(TCCC President Peter van Haren)



When Peter van Haren first learned he was being posted to Thailand he went to a used bookstore in Red Deer, Alberta and started leafing through old issues of National Geographic. A librarian had given him a tip that's where he could find out more information about `the Land of Smiles.' Well, he found stories on the bird's nest caves, and some photo-op pieces on palaces and wats but nothing to really prepare him for his future travails in the kingdom of Thailand.    


So Peter showed up expecting lots of jungle, monkeys, and  snakes. His job was to hook up fibre-optic telephone systems by aerial cable running along the sides of Thailand's railway lines. 


Now working on the eighth of a series of one year contracts for Com-Link Co., Ltd, it's obvious that the president of the Thai-Canadian Chamber of Commerce has adapted to this country very well. 


Peter has only been associated with the Thai-Canadian Chamber of Commerce for a year-and-a-half, yet already he's the president. He says "without the past presidents and board members I couldn't do the job. They give me a lot of support and credit for what I do. If I didn't have these guys pushing me, and challenging me, and giving me some fatherly advice, it would make my job a lot more difficult."        


Peter's folks immigrated to Canada in 1953, but they hail from the Rotterdam area of the Netherlands, which is where his older sister Mary was born. Peter was born in Red Deer in 1955. He says, "I continually call myself Canadian but there is not an ounce of Canadian blood in me, it's all Dutch. I wanted to be totally Canadian so I balked at the idea of learning to speak Dutch when I was young because I thought it was inappropriate for a Canadian boy so I just never did it."


Peter has built a house for himself back in Red Deer. "It was a good experience, a good confidence builder. Any one that goes through the experience of almost single-handedly building their own house is going to gain a lot of confidence in their ability to achieve something that is somewhat monumental. If you have any doubts about your abilities before you start, you realize that you quickly learn how to cope and how to make decisions."


So how did Peter get involved in hooking up telephone cable? "Before I came here, I worked for AGT (the Alberta Government Telephone Company)," he says. "And I spent a lot of time travelling throughout Alberta working with customers in rural areas on a province wide private line campaign that AGT was promoting. We engineered the job, and installed and commissioned the equipment. It was a very large project.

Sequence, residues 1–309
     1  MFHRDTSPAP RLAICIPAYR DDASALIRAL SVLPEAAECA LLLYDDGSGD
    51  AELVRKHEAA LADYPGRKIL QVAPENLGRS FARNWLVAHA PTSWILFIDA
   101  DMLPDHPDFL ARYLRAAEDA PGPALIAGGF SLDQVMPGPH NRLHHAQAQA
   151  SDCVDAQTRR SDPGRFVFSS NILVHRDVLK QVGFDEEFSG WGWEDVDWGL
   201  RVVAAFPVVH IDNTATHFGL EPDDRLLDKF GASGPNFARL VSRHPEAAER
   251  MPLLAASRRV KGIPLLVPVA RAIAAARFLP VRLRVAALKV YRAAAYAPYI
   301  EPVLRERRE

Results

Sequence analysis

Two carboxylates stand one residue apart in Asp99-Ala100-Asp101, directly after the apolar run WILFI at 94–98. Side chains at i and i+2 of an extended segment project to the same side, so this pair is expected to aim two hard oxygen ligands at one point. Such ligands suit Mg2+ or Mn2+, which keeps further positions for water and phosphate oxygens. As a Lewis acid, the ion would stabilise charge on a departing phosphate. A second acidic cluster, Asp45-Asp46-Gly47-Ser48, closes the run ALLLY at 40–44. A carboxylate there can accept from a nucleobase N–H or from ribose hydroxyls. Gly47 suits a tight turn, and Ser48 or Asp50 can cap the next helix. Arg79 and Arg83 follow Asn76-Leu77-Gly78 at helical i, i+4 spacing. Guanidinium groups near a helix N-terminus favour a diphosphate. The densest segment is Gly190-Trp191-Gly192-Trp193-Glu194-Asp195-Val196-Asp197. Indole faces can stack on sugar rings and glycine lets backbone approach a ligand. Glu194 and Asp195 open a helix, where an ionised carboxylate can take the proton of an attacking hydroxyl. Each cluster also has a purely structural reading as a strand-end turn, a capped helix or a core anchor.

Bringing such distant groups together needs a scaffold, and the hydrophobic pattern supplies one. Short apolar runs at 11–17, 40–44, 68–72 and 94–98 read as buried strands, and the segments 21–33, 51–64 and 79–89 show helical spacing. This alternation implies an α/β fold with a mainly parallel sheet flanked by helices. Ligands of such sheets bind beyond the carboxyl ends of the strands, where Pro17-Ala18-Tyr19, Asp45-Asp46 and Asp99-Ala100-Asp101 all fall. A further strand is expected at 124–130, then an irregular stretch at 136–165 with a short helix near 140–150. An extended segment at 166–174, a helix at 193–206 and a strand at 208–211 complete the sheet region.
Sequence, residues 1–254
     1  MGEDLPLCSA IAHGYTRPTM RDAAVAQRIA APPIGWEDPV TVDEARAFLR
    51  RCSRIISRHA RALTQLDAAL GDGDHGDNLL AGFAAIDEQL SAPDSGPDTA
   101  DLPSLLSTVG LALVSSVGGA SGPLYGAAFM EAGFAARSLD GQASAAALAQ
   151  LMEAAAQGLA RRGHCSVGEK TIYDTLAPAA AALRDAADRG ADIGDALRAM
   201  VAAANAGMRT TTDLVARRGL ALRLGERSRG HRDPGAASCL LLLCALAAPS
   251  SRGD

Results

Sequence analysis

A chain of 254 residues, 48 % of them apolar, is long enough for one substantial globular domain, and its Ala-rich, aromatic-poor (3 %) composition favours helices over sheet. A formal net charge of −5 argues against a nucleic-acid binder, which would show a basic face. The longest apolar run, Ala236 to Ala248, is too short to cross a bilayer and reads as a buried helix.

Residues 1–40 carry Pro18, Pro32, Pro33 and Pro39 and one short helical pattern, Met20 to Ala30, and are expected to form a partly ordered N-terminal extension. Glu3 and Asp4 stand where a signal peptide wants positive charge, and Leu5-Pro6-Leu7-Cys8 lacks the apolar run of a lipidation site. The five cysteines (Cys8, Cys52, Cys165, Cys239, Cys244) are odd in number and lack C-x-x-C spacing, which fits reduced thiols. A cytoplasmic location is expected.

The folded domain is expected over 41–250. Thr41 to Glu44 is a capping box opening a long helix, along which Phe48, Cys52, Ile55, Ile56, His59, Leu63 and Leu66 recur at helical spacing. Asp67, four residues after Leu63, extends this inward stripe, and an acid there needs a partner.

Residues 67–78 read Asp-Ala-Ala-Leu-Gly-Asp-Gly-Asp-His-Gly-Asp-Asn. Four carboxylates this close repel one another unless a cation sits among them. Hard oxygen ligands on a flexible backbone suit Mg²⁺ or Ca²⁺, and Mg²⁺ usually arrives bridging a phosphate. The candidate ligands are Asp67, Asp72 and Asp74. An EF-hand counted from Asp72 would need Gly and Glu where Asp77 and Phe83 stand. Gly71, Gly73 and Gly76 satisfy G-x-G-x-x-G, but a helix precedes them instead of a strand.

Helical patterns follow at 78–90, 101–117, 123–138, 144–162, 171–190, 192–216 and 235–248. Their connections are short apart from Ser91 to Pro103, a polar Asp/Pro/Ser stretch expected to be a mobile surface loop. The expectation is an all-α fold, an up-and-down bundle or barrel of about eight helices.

"But, when I wanted to settle down and stop moving from motel to motel, I took up an office job with the same company. At first, the job entailed workload coordination and project management, but then I recognized the chance to do more than just work on the technical side of things. I saw there was more potential in working the business side of things so I started to go on more business related in-house training programs and to attend night school.    


"I then moved over towards budget administration, preparation, and the monitoring of our telephone projects. At the same time, I started getting interested in computers, and I applied this interest to building applications that would increase and monitor the productivity of our offices, as well as the workload that was being done, and the products that were being shipped to the field. And how much all of this was costing us in trying to keep a balanced budget.


"At the beginning, I wasn't really sure of myself because I had never really done anything like it before, but my boss soon asked me to help him prepare the budget for the following year. I did it, and when I was finished he said `It looks really good, now you can go and present it to the panel and the provincial director next week.' When I protested due to my inexperience, he looked at me and said: `Peter, don't be a shrinking violet.' Well, I took that as a challenge, and I went ahead and did it. I continued to work in that department until the opportunity to come to Thailand arose."